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I am a college student who has some free time, and an insatiable, ravenous obsession with film. I have a wide variety of tastes and I try for quality films, and I almost never say Not Interested. I love mind bending films, screwball comedies from the 30's and 40's, romantic comedies, classic and low budget horror, coming of age films, silent slapstick, feel good, and generally 70's cinema. I rate films with a mixture of "What the film is" versus how much I enjoyed it. If you want to read about my opinions on modern film, here's a link to my column in my college newspaper:
Orson Welles was reportedly furious when this film was cut to smithereens by his studio, and his editor, Robert Wise, while he was elsewhere, filming in South America. He believed that this could have been better than "Citizen Kane," his magnum opus. While it's hard to be conclusive in that assessment, I can say that this film is just as big and concrete as his first. This film too looks at the lives of people through many years, and shows their transformations from idle youths to confident adults. The Amberson family members are comprised of a group of fascinating individuals who each want things they apparently can't have. The Industrial Revolution's evolution of technology leads to the family's undoing, as their neighbor's wealth grows and theirs' dwindles. Their matriarch and patriarch fall, the aunt and nephew often struggle against each other on escalating levels of cruelty, and relationships suffer for it. It's a beautiful film that obviously could have been much bigger, much darker in its take on the family. Sadly the original rough cut of the film was destroyed by the studio, probably to keep megalomaniac Welles from putting his film back together. This is an amazing addition to Welles' canon and is beautiful in both scope and story.
Based off of the titular BBC miniseries from several years prior, this American production features Steve Martin and Bernadette Peters in the lead roles. The film features dozens of iconic songs from the thirties and forties, several backgrounds painted from the original thirties musicals, and huge numbers akin to the heyday of MGM. Throughout the film the actors lip sync to the iconic singing of people like Fred Astaire, Bing Crosby, The Boswell Sisters, and Ruby Vallee. Though the actors in this film do not sing, they are very talented performers. Steve Martin learned tap dancing for six months in preparation, Peters is a Broadway mainstay, and Christopher Walken had been trained in tap dancing prior, giving one of the more astounding performances of his career. The story follows Martin as music sheet salesman Arthur as he cheats on his wife, runs from the cops, and tries to find happiness in Depression Era America. The story is pretty grim, making Arthur's fantasies that much more heartbreaking. The juxtaposition illustrates that musical numbers really are fantasies in and of themselves, and the people going to see musicals during the Depression were trying to escape their disparity and poverty. Astaire reportedly hated this film because he believed that this period was innocent, and showing its realities was tawdry. In reality, this film was eye opening, and beautiful in its assessment of true life.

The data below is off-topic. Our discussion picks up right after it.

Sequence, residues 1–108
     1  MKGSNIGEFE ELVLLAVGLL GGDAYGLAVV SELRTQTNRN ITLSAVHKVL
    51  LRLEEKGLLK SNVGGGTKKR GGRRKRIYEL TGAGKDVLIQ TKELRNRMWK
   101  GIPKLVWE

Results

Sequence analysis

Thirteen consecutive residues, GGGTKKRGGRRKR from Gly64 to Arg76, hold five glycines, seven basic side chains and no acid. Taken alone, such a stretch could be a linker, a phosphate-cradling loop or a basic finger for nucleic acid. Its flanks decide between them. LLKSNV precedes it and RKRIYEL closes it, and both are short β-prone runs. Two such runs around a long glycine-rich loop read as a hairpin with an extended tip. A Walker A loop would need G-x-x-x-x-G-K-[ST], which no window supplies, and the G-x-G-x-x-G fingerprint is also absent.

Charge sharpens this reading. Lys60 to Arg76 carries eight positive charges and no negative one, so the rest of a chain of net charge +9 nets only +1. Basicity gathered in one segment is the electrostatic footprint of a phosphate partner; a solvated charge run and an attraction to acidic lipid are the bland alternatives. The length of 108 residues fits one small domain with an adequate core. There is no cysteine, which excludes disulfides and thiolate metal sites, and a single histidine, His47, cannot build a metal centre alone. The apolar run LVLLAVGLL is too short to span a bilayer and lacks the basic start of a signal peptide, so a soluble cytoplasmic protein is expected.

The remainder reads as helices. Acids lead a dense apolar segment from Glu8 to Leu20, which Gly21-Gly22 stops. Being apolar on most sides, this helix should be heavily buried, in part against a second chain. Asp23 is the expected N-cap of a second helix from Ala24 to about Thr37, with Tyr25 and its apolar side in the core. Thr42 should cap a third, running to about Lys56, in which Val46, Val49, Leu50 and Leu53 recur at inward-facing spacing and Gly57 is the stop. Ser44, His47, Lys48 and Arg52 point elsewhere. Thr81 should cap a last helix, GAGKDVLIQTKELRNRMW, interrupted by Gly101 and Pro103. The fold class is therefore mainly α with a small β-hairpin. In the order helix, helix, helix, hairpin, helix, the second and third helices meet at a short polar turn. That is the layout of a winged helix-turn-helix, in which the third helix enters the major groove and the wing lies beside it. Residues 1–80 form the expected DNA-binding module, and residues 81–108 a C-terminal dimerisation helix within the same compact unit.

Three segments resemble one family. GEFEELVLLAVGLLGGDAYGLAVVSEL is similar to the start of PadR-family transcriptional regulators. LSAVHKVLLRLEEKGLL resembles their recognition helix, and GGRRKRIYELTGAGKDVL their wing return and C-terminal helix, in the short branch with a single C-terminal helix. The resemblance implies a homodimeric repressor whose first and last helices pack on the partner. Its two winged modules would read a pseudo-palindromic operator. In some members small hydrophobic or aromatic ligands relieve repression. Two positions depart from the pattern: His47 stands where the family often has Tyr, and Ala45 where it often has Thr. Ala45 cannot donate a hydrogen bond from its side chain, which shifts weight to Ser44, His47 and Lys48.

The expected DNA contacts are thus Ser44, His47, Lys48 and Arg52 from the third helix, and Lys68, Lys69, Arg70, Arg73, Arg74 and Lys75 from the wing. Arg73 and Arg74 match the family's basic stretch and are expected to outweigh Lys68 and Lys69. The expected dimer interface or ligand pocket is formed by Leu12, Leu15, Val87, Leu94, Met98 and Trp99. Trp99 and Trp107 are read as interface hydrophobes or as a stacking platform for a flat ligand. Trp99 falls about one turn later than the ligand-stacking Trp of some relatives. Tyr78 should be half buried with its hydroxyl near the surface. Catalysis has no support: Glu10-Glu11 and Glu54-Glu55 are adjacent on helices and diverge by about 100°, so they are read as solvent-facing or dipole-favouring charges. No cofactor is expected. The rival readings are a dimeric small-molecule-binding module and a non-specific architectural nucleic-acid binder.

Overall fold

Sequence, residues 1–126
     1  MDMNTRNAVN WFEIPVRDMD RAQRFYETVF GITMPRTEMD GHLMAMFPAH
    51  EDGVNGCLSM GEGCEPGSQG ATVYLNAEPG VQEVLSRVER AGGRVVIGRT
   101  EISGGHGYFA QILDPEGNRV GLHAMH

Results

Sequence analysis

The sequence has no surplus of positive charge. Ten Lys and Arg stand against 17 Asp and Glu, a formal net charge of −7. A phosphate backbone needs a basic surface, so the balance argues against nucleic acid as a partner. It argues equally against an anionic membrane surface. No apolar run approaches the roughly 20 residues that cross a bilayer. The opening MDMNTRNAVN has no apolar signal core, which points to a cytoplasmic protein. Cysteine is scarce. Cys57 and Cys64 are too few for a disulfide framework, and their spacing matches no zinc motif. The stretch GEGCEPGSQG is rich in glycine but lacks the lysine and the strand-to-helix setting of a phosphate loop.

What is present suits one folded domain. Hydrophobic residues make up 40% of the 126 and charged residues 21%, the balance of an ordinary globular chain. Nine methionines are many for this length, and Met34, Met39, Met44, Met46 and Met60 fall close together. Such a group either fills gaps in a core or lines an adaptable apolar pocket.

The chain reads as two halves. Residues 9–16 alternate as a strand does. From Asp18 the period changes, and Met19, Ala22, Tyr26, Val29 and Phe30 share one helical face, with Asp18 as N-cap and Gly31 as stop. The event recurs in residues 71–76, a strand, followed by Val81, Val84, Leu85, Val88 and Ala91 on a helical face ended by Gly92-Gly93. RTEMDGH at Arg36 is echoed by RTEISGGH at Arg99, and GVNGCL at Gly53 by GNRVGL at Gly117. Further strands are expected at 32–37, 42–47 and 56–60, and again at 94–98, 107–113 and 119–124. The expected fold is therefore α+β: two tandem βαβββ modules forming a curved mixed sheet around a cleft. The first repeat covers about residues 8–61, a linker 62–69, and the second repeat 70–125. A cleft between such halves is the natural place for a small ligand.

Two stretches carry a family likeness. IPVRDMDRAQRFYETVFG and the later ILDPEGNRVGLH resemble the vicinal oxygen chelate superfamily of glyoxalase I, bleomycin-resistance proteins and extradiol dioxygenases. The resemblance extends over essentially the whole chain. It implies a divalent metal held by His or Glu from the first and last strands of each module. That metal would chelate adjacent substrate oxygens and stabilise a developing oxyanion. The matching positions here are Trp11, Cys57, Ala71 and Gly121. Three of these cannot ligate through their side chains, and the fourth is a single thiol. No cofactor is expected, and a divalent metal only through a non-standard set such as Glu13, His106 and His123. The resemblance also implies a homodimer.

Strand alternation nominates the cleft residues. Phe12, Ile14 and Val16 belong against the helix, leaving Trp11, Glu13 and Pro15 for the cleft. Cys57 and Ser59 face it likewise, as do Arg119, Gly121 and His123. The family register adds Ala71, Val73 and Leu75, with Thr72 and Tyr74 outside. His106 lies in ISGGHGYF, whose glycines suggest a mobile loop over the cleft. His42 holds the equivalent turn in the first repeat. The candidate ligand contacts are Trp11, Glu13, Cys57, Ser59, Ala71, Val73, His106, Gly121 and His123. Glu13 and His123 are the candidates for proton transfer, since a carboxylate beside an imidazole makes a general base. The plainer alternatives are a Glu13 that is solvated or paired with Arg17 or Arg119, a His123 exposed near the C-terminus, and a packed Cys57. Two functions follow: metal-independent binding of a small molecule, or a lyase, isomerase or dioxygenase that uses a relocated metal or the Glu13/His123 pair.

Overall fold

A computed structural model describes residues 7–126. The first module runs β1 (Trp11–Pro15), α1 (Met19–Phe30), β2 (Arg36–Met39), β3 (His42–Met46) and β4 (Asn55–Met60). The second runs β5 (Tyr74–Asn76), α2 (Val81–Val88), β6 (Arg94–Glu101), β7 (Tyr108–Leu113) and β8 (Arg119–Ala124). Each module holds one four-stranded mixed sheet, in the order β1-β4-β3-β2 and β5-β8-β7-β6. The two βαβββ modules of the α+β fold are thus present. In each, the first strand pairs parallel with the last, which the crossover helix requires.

The first thing that everyone goes to, in lambasting this film, is the performance from vacant eyed starlet Lindsay Lohan as Liz Taylor. I would say that this film actually suffers most from compacting forty odd years into a 90 minute film without any exposition. Most of the film's events happen without clarification to when in time they occur, why they're important, or who the surrounding characters are. I would say that most of the people in this film can be identified by those who know the many loves of Elizabeth Taylor, but for anyone coming in blind, none of this film will make much sense. Characters, places, costume changes, are all thrown at you without explanation. There's a time jump of some ten years that's not explained, and then the film just ends. Lohan isn't the perfect Elizabeth Taylor, but then again Lifetime isn't the best venue for this film, in the first place. Lohan has problems with her accent work, but besides that she seems to be really trying throughout. She and Grant Bowler (Burton) have monologues, (possibly from heaven) and there's one in particular where Lohan shows real emotion and bravado in her acting that I haven't seen from her in some time. That scene gave me hope for Lohan's future endeavors, and showed that beneath the bleary eyed stare she still cares about her work. Bowler also gives his all, even with the corny poetry and his weirdly perverted take on seduction. If you like watching train wrecks, this may be the film for you.
This quirky little gem looks at the subject of being an outsider in a world that demands progress, perfection, and its geniuses to be sane. Wannabe musician Jon (Gleeson) joins an alternative musical group headed by Frank, (Fassbender) who wears a large doll head and has an obvious mental disorder. Several other bandmates are also inclined to mental fits, including Don, who sometimes tries to throw himself into the sea. The film itself is very mellow, infusing really strange yet enlivening music into scenes that are often quiet and have bereft, disengaged characters. Maggie Gyllenhaal plays a disaffected young woman named Clara who gives Jon and Frank perspective on their choices, and also gives a performance that may be the best of her career. Fassbender is just the right balance between kooky artist and alienated outsider. In the end the message is pretty clear: if you want to be different, that's okay, but sometimes choosing that over reality will hurt more than help you. The middle drags quite a bit, but otherwise I found this entertaining and just the right amount of quirky.